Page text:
Philly Could Make A Lot Of Money From The DNC

Partisan conventions are often touted as major money-makers for the cities that host them, but with the upcoming conventions breathing down our necks, Philly residents and non-residents alike are wondering: Will Philadelphia make money from the Democratic National Convention?

If history is to be any indicator, the answer is yes, but the real question is who benefits from conventions. The last DNC in Charlotte, North Carolina, was reportedly worth $164 million, including $91 million that went to the local economy. With a price tag of $60 million for Philadelphia taxpayers, projections suggest that The City of Brotherly Love could make as much as $350 million from the convention, based in part on the $345 million the city made from the 2000 Republican National Convention.

Reports ahead of this year's DNC say that Philadelphia businesses owned and operated by women and minorities have already been handsomely paid by the DNC. This is due to two factors: that 47 percent of businesses in Philadelphia are owned by minorities and that the DNC host committee hired a diversity director to ensure the convention puts its money where the party's mouth is when it comes to supporting women and minorities.

One major DNC contract was awarded to Luis Liceaga, owner of Philadelphia-based merchandiser Impact Dimensions. He told Philly Magazine he estimates that he could make $500,000 from doing business at the convention.

While feel-good reports of supporting minority businesses are certainly good for Democrats, the $350 million revenue estimation is likely overblown. Economists reportedly inflate the potential gains of major events like political conventions, as found in a study conducted by Robert A. Baade, an economist at Lake Forest College in Illinois. His study, along with colleagues at Holy Cross University, of 18 political conventions between 1972 and 2004, found "no statistically significant impact on personal income or local employment." Translation: The money made at conventions often doesn't go towards the local economy, but rather towards hoteliers and restaurants that cater to affluent delegates.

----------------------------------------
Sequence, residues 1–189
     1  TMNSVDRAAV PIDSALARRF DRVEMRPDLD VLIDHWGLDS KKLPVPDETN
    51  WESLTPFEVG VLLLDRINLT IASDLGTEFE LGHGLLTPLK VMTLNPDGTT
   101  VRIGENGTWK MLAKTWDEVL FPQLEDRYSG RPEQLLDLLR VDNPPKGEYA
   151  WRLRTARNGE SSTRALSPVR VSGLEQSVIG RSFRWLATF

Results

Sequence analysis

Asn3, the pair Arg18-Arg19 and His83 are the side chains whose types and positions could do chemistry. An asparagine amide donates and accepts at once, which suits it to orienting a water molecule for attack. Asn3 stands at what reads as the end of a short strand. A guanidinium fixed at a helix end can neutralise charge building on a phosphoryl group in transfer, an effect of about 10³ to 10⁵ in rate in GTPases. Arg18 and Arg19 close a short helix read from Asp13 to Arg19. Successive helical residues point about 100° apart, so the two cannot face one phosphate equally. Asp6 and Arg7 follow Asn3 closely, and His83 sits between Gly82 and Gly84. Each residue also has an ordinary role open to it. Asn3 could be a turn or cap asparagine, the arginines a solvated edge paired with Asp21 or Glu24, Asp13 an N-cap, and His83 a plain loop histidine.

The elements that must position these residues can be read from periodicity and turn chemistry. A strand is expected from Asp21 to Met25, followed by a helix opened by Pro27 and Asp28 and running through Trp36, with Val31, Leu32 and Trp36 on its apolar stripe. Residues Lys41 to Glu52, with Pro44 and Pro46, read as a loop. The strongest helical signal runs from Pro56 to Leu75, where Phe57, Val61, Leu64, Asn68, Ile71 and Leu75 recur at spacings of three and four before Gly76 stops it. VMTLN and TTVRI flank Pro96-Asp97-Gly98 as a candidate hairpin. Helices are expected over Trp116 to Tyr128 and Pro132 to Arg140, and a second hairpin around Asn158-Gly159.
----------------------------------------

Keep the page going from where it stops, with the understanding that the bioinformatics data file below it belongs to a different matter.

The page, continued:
As Philadelphia gears up for the DNC, many factors must be considered in assessing whether the convention will be an economic boon for the city. In 2012, Charlotte residents (myself included) experienced a frustrating gridlock in the main uptown area where the convention was held, and many people who worked in the area were forced to miss work to accommodate the crush of people and security that it entailed. While some hand-picked businesses will benefit greatly from the convention, others outside the main area are likely to experience less as people flock towards the action. As with any other major event that brings in thousands of out-of-towners, locals will grit their teeth and bear it, and hope that the money made is enough to shoulder the burden they have to take on for a week.